Boys’ basketball Run-and-gun

High octane small ball works its way into Jefferson with eyes on deep postseason run
“I am very excited for this upcoming season. We have a good number of kids either returning or will be stepping into new roles which creates that excitement. Wade (Adcock, 11 PPG), Trey (Hinote, 15 PPG), and Lance Hughes, 8 PPG) all started last year and really improved, not just in the basketball skill area, but also the mental aspect of the game, but we still have room to grow.” - Greene County head coach Chris Nelson


Sports Editor


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One thing Greene County’s opponents know they’ll have to come to terms with this winter is the Rams will score and at a lightning quick rate. 

Just where a potentially lethal offense can take the Jefferson high school is entirely up to the guard-heavy unit. 

With two double-digit scorers returning from last winter’s squad, three starters as well as the addition of a point guard transfer who scored 16 points per game last winter just a few miles north, Ram fans could be in for quite the treat in head coach Chris Nelson’s second season. 

Add all that onto the fact Greene County makes a move down to Class 2A for the 2017-18 season, this squad certainly has generated significant excitement as opening tip approaches. 

Heck, Nelson, who guided the Rams to a 14-8 record in his first season at the helm, isn’t afraid to express his own enthusiasm for the upcoming schedule. He can sense big things bubbling toward the brim. 

“I am very excited for this upcoming season. We have a good number of kids either returning or will be stepping into new roles which creates that excitement,” the coach said. “Wade (Adcock, 11 PPG), Trey (Hinote, 15 PPG), and Lance Hughes, 8 PPG) all started last year and really improved, not just in the basketball skill area, but also the mental aspect of the game, but we still have room to grow.”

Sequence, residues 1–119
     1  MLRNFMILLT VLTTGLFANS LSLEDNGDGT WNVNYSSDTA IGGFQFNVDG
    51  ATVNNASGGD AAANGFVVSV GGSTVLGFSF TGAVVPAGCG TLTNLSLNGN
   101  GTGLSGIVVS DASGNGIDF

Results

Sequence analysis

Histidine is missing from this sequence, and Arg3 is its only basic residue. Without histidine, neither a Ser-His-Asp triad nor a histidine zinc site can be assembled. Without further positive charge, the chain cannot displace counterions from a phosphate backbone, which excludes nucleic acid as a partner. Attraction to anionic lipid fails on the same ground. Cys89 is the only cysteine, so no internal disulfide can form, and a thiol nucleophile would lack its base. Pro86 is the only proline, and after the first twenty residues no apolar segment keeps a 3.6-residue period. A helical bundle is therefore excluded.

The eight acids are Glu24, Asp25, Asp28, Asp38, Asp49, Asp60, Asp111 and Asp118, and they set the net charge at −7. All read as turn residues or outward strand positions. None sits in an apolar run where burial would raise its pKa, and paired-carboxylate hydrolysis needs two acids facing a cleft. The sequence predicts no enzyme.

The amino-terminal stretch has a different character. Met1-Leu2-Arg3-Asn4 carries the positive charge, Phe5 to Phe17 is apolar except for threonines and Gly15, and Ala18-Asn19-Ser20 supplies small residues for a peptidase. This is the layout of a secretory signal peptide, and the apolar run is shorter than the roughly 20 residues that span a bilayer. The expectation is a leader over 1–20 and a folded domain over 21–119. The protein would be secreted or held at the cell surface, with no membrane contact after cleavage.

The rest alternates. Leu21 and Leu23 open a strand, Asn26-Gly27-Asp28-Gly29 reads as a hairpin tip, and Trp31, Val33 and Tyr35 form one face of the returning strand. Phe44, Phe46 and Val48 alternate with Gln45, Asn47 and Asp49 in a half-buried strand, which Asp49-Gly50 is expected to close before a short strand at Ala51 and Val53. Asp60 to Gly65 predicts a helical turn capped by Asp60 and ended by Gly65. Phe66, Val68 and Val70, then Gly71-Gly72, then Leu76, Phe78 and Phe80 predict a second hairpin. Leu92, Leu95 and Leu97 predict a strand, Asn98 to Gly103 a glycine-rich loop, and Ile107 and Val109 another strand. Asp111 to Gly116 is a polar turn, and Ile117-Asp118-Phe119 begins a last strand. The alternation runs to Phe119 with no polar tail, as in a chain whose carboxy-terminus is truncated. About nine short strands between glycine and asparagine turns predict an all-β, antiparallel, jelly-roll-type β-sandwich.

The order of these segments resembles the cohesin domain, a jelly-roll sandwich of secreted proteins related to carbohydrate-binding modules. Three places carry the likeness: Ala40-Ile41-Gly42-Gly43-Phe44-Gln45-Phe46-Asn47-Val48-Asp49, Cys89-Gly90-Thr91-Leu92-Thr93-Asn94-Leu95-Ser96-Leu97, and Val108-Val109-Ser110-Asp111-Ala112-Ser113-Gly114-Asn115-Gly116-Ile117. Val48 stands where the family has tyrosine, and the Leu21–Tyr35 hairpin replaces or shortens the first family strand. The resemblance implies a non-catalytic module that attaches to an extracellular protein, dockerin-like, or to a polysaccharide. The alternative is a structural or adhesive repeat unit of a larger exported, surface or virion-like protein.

Of course, any season preview would be underwhelming without mentioning the impact losing Greene County all-time leading scorer Trey Tucker has on the Rams. 

Though the departed 2017 graduate holds the school record for most points (1,811) and most made three-pointers (196), he helped transition a sputtering Ram program that needed direction, pushing Greene County to 14 wins a season ago, the consolidated school’s first winning-winter in its’ five-year history, and a second-place finish in the HOIC. 

“Trey did a great job for us last year. He obviously was a very good scorer but what we will miss most is his competitiveness,” Nelson said. “I thought he matured a lot and became a good leader for us. You don’t always get to coach a kid with skills like his and I was fortunate to. I think the guys that played with him and kids who watched him, realize with hard work and dedication, that type of player can be produced in our community and I think he has jump started that for some. 

He along with our other six seniors (last year) really helped us set a good foundation and now it is this years team’s turn to take the next steps forward.”

Losing Tucker does not create as big a drop off one might imagine. No, quite the contrary. The record-breaker invigorated a basketball-crazed community and opened doors for the quick, sharp-shooting guards that dot the roster this winter.

A pair of prolific scorers will fill the shoes left by Tucker, as Trey Hinote, along with his school-record 68 three-pointers a year ago and P-C transfer Joe Towers combined for 31 points per game, though on different teams, last winter. Towers (16 PPG, 33 threes, 4.1 APG, 4.5 RPG) would’ve been the third leading scorer in the HOIC last winter and brings with him several years of varsity experience. He’s also played in some big time match ups (P-C upsetting Ar-We-Va two years ago ring a bell?) and should provide a solid transition into the future.